Open main menu

Van H. Vu (Vietnamese: Vũ Hà Văn) is a Vietnamese mathematician, Percey F. Smith Professor of Mathematics at Yale University.[1]

Education and careerEdit

Vu graduated at the Eötvös University, Budapest, in 1994, his M.Sc. thesis supervisor was Tamás Szőnyi. He received his Ph.D. at Yale University, in 1998 under the direction of László Lovász (another Pólya prize winner).[1][2] He worked as a postdoc at IAS and Microsoft Research (1998-2001). He joined the University of California, San Diego as an assistant professor in 2001 and was promoted to full professor in 2005. In Fall 2005, he moved to Rutgers University and stayed there until he joined Yale in Fall 2011. Vu was a member at IAS on three occasions (1998, 2005, 2007), the last time (2007) as the leader of the special program Arithmetic Combinatorics.[1]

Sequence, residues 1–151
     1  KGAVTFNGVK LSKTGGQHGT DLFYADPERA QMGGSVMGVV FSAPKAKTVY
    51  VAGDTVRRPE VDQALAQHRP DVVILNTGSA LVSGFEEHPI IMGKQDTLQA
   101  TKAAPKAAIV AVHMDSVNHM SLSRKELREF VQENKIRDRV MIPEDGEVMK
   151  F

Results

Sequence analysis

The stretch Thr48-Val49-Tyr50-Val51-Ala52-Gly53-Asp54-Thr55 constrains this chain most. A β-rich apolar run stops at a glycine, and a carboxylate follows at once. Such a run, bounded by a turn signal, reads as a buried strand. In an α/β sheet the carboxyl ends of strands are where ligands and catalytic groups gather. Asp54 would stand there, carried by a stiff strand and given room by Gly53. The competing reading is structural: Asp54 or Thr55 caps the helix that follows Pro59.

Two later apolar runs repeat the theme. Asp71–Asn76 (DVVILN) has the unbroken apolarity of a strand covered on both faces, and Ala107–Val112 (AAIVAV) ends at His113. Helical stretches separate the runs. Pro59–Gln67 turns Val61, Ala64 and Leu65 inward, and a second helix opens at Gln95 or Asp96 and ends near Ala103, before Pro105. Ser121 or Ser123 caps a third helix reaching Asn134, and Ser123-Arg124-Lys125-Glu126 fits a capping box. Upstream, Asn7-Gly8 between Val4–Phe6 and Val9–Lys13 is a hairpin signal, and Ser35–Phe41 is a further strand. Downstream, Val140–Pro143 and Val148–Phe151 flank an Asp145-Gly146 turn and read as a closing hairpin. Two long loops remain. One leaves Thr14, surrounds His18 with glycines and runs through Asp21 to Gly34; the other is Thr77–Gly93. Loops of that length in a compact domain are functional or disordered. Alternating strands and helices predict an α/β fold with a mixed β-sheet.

ContributionsEdit

In 2010, Terence Tao and Vu solved the circular law conjecture.

Awards and honorsEdit

Vu was an Erdős Lecturer at Hebrew University of Jerusalem in 2007. In 2008 he was awarded the Pólya Prize of the Society for Industrial and Applied Mathematics for his work on concentration of measure.[3]

In 2012, Vu was awarded the Fulkerson Prize (jointly with Anders Johansson and Jeff Kahn) for determining the threshold of edge density above which a random graph can be covered by disjoint copies of a given smaller graph. Also in 2012, he became a fellow of the American Mathematical Society.[4]

ReferencesEdit

  1. ^ a b c CV Archived 2014-03-09 at the Wayback Machine from Vu's web site
  2. ^ Van Vu at the Mathematics Genealogy Project.
  3. ^ Pólya Prize, SIAM.
  4. ^ List of Fellows of the American Mathematical Society, retrieved 2013-08-29.

External linksEdit